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Bodies

We reassess and reconceptualise the political constitution of the body and the self, as a means of tackling afresh the crucially linked questions of 'what it is to be human' and 'what it is to be a political being'.

We reassess and reconceptualise the political constitution of the body and the self, as a means of tackling afresh the crucially linked questions of 'what it is to be human' and 'what it is to be a political being'.

About the programme

The key insight that the programme explores is that the body and the self are not pre-political. Acknowledging the role of the body in politics represents a shift in the unit of analysis, from the abstract individual (whose body is conceived of as simply a container) to embodied intersubjective selves. The mind/body logic which regards bodies as primarily passive and/or dangerous, which excluded women, the working class, ethnic minorities, and others from the political realm, has not been fully overcome by the ad hoc political emancipation of such groups. Social discrimination and marginalisation in policy making remain.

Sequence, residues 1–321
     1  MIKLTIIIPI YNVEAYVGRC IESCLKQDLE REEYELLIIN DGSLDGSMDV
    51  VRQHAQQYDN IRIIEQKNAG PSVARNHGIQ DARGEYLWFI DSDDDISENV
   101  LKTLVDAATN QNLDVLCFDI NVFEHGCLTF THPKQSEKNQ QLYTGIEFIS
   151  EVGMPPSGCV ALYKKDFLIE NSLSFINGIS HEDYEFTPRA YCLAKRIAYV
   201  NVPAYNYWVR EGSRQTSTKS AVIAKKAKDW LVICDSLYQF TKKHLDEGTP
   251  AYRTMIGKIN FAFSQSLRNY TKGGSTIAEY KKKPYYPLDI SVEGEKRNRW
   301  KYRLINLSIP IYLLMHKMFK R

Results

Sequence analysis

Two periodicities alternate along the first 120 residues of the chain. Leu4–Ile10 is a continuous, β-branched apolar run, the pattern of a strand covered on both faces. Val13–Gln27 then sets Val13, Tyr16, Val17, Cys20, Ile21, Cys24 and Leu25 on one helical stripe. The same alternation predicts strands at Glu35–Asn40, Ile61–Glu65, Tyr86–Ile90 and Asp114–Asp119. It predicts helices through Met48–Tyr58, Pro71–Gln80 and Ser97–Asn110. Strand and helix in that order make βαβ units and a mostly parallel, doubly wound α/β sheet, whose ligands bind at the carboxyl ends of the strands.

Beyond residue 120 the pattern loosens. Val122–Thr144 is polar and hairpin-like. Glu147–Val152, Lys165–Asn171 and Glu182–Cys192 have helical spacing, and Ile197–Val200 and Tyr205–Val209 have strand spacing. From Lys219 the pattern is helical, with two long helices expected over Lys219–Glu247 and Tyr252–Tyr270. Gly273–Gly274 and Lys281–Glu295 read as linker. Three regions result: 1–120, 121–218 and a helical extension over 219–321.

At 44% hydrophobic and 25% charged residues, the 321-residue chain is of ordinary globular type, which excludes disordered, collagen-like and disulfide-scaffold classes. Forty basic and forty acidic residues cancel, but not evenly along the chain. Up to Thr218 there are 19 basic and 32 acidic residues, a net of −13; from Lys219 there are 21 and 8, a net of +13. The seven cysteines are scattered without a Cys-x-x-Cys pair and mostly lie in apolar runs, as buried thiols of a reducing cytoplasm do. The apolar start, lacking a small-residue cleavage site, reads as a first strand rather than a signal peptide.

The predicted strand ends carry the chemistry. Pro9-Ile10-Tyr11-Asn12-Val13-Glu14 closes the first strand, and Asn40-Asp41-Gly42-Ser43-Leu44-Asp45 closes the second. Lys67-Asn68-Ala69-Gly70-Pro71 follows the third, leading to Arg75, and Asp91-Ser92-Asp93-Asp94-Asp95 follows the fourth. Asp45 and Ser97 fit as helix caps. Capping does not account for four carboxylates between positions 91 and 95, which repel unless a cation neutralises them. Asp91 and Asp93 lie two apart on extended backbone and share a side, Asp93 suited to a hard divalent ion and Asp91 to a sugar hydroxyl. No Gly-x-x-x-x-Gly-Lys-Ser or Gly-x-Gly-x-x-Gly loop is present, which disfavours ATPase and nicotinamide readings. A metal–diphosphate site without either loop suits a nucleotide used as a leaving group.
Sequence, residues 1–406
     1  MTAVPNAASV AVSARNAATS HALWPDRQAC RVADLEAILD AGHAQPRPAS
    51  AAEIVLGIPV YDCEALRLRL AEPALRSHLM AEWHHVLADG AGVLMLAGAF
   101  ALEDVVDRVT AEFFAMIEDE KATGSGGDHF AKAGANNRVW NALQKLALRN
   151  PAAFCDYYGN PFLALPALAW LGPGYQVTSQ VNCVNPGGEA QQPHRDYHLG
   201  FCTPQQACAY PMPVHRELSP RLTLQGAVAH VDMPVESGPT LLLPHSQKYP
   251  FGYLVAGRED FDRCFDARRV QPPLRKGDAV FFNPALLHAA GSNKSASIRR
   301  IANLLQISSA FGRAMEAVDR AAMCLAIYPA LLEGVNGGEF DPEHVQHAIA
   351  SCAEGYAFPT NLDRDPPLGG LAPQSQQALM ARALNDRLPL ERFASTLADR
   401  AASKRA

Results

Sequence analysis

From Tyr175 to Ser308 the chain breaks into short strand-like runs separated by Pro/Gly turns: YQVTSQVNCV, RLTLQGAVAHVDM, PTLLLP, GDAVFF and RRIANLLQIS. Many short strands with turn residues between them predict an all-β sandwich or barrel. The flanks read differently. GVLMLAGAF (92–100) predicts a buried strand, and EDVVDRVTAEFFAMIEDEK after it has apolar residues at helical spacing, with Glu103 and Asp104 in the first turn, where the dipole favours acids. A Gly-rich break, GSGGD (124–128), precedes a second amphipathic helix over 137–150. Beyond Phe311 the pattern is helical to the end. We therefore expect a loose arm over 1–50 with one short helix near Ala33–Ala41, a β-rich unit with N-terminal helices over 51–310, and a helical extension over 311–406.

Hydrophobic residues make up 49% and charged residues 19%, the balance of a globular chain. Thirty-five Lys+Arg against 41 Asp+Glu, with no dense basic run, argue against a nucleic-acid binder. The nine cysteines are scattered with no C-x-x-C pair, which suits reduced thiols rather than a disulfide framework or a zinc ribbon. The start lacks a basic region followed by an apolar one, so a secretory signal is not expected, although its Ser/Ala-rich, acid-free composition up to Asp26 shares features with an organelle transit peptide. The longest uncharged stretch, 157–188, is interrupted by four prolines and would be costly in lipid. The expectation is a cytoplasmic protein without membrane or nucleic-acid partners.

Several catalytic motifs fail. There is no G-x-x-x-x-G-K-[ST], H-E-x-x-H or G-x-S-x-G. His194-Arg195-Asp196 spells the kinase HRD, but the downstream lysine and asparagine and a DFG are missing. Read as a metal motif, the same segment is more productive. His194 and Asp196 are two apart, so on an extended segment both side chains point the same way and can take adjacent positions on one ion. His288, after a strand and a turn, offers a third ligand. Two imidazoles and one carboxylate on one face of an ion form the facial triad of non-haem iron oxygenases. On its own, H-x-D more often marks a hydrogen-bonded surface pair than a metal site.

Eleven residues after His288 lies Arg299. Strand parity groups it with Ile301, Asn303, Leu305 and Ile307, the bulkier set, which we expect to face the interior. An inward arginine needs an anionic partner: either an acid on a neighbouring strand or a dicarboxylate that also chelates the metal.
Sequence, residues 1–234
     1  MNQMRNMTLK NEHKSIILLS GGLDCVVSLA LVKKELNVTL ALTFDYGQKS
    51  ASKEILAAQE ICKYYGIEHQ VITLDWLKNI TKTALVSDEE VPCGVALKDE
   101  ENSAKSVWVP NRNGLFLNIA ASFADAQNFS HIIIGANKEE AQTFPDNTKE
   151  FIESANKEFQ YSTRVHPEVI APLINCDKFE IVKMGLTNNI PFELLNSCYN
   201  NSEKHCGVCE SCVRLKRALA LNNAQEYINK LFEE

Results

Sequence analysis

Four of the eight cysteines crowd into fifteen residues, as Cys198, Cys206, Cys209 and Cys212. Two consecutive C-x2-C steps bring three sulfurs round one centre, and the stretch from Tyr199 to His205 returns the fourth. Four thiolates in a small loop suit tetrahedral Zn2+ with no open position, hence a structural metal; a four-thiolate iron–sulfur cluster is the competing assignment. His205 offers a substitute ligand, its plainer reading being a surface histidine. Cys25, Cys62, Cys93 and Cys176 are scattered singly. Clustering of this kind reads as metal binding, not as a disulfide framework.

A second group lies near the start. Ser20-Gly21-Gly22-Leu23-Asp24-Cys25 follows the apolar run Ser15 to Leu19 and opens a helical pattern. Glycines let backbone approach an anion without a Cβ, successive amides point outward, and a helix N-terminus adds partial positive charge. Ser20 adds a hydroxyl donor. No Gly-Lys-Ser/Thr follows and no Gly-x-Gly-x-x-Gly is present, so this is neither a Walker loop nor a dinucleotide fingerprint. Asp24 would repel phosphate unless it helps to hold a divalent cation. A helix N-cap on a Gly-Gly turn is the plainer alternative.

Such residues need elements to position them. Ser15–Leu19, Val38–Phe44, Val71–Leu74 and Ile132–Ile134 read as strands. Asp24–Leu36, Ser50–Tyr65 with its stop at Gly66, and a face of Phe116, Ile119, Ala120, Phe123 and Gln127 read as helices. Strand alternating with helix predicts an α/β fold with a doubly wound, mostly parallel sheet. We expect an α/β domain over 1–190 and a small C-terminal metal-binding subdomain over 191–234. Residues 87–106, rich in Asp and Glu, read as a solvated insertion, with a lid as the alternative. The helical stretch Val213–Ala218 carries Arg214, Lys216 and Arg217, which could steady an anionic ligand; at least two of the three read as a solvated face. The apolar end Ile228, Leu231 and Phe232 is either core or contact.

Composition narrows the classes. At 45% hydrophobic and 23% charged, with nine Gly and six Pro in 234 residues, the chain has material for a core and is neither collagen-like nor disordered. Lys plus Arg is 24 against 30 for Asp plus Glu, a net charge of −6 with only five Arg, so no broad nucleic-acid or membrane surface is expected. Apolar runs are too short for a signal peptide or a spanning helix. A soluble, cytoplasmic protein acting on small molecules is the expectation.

The body and its relation to politics is a newly articulated problem, although some of the effects of the problem have long been recognised. The programme introduces the idea of the 'bodymind' to highlight the conceptual overcoming of the mind/body dichotomy, seeing this new unit of analysis as irreducibly political.  The term 'bodymind' spells out the inter-connectedness of body and mind and does not reintroduce the predominance of mind over body. The research is keen to explore the variety of ways in which bodies do/can/might/should enter politics, and to investigate alternative positive images of the body in politics other than that of the 'good' body of the participating citizen who transcends their corporeality.

Programme Director

Dr Raia Prokhovnik